The Lexington School Learn about difference Awareness week

Beth Pride


The Learning Center at The Lexington School is ten years old this year, and they are celebrating BIG. The video About Us by Us is part of a larger "Learning Differences Awareness Week" which includes student-led assemblies, student talent (superpower) showcases, a birthday bash reception, and a nationally-acclaimed TED TALK speaker and dyslexia advocate from NoticeAbility.orgDean Bragonier.

All are welcome. Dean will spend time with students and teachers on Friday, November 15, and is the featured speaker of The Learning Center's Saturday Series, on Saturday, November 16 from 8:30 A.M. until 12:15 P.M. His presentation and subsequent break-out sessions are free and open to the public, counting towards professional development certification credits for teachers. 

What is dyslexia and why does it matter? The International Dyslexia Association defines dyslexia as "a specific learning disability that is neurobiological in origin. It is characterized by difficulties with accurate and/or fluent word recognition and by poor spelling and decoding abilities." Dyslexia affects 15-20% of our national population. 

Dyslexia is tough on society. As cited by Made for Dyslexia, a global charity led by successful dyslexics like Richard Branson, "Schools aren’t designed for dyslexic thinking, most teachers aren’t trained in dyslexia, meaning most dyslexic kids are unidentified and unsupported." Unaddressed, dyslexia can be debilitating and result in a negative sense of self-worth and longterm trajectory. Studies have shown that roughly 80% of the incarcerated in our country are functionally illiterate and up 48% are dyslexic. While language-based learning differences can lead to an insidious sense of failure, there are curricula and programs that provide a successful framework for students with dyslexia. Early intervention makes a huge difference.

Students' own words. Just ask students in The Learning Center at The Lexington School and they will tell you in their own words who they are and how dyslexia defines their resilience, their strengths, their superpowers. The answers they give in their own words in the video are anecdotal, powerful and reason to celebrate an educational program that propels students forward in their academics and self-confidence.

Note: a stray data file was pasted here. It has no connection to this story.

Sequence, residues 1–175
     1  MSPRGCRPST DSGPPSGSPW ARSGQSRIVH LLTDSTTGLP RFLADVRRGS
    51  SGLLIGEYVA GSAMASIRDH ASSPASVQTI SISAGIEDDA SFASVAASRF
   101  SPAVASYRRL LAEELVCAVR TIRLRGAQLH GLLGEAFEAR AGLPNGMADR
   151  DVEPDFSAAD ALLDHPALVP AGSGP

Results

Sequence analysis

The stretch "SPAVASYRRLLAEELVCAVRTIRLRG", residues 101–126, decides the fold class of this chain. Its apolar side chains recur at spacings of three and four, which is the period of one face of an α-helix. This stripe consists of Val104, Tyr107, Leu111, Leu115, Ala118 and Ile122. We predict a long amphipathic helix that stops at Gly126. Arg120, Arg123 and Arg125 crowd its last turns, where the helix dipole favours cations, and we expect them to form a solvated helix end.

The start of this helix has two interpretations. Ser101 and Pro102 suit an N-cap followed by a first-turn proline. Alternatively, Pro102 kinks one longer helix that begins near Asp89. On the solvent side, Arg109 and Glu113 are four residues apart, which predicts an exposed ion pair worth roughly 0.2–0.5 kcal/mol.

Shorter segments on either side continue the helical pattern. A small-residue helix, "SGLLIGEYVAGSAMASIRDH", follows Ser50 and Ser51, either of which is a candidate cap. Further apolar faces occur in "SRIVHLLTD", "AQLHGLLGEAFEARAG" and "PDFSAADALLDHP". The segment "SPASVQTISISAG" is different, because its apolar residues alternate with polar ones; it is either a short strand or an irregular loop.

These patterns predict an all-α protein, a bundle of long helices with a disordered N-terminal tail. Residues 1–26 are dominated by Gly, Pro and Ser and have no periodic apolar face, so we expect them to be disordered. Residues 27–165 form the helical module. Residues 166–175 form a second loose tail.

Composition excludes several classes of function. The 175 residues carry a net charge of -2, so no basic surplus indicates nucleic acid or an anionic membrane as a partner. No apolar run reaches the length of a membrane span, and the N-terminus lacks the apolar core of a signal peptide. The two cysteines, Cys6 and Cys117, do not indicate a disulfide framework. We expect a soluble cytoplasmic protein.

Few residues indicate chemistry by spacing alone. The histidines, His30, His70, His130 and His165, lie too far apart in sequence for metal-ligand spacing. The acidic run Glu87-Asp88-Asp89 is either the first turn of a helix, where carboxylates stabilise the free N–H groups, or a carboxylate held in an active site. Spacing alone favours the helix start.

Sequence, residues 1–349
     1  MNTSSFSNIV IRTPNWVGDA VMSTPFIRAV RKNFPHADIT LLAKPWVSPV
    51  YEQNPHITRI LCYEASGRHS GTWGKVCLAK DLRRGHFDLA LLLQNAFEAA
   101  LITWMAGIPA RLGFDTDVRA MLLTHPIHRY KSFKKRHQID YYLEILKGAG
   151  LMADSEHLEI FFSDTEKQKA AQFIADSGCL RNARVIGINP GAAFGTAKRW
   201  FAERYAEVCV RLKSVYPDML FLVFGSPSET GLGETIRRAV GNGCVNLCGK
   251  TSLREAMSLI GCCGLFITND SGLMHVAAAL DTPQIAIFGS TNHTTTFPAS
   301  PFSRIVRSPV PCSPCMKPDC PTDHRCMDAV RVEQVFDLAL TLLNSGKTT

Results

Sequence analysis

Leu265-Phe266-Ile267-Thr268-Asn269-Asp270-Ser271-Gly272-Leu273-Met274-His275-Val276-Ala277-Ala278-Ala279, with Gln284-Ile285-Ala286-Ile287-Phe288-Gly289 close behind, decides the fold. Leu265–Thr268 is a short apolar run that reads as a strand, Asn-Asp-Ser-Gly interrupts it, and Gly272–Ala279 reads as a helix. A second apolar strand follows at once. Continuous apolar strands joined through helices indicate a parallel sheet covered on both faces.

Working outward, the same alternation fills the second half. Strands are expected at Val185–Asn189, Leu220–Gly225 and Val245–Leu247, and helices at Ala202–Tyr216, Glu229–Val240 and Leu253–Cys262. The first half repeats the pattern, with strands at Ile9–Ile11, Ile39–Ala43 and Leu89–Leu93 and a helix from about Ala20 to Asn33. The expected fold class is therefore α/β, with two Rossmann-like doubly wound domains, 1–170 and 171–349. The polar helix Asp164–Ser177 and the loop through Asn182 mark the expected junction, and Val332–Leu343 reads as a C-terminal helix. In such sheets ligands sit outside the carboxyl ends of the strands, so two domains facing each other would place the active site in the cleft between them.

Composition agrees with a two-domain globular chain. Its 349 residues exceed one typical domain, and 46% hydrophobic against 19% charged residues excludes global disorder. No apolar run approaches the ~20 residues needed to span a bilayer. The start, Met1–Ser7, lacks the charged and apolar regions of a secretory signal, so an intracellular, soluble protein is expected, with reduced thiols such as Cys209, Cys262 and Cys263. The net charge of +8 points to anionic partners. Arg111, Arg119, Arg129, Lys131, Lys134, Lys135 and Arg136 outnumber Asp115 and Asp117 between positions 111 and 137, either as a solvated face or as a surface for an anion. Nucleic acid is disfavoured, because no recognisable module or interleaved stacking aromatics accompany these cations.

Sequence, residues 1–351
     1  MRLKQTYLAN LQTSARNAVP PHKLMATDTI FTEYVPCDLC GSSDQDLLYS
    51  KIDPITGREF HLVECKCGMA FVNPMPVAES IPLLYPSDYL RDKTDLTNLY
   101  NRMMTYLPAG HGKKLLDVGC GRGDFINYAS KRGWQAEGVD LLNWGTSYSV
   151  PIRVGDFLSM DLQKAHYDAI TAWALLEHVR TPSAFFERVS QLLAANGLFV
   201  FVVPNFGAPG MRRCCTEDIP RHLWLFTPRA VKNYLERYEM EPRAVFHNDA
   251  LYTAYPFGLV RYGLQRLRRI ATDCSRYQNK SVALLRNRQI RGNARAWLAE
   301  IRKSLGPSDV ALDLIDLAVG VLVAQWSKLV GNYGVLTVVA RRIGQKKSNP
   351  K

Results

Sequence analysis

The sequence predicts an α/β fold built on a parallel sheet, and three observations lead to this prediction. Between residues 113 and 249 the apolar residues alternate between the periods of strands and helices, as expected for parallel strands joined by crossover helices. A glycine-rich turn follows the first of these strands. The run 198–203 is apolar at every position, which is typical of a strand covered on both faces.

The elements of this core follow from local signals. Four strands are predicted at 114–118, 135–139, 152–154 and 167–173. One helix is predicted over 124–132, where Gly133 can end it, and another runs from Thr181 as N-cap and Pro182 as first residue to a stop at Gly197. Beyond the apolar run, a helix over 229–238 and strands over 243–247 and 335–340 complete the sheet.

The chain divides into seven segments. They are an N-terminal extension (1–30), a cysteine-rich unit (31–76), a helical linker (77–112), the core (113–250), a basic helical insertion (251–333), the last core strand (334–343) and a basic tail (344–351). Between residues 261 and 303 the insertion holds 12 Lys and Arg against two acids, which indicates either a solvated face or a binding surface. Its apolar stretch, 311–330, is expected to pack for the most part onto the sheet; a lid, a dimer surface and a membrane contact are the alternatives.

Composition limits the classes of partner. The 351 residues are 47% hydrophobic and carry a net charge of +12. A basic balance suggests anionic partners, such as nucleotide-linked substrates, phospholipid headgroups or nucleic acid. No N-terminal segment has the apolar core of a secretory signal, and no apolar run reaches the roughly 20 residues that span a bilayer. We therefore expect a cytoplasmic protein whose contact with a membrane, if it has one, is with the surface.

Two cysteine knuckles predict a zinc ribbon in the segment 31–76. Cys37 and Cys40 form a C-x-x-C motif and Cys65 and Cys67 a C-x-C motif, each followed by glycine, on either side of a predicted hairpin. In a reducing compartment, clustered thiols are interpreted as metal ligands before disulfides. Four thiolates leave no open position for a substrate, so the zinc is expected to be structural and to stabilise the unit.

TLC has come a long way and is making an impact on Kentucky. Ten years ago, The Learning Center, led by Brutus Clay, TLS alum, board member, and current parent, alongside a visionary board and passionate Director, Jane Childers, opened its cubicles in the basement of the school to 16 students with dyslexia. Ten years later, this fall, The Learning Center opened with 65 students in a brand-new, state-of-the-art Academic Center, physically connecting and integrating TLC and the traditional Lexington School program. While the Learning Center's core multi-sensory curriculum in math, language arts, social studies, and science is based in pods with a 4 to 1 student to teacher ratio, TLC students are integrated in every other way with their grade-level peers. 

Director Jane Childers is retiring. Director Jane Childers's dream has come true and just in the nick of time. "From the start," Jane explains, "the program has fulfilled the academic individual needs of these students but now it fully embraces the social/emotional needs as well. Getting to watch these kiddos learn strategies for their individual success while growing in confidence side-by-side with their traditionally-taught peers is simply amazing. I just wish there were more programs in our country like it." 

The Learning Center is doing its best to help. 
With free outreach like Saturday Series for professional educators and parents and Free Early Reading Screenings for families seeking consultation on the next steps for their struggling student,

Help us raise awareness. This week the students and teachers of The Learning Center are teaching together and raising awareness. The goal is to get people thinking differently about dyslexia and to motivate those with the need to seek help sooner than later. The earlier the better for children and for our society as a whole.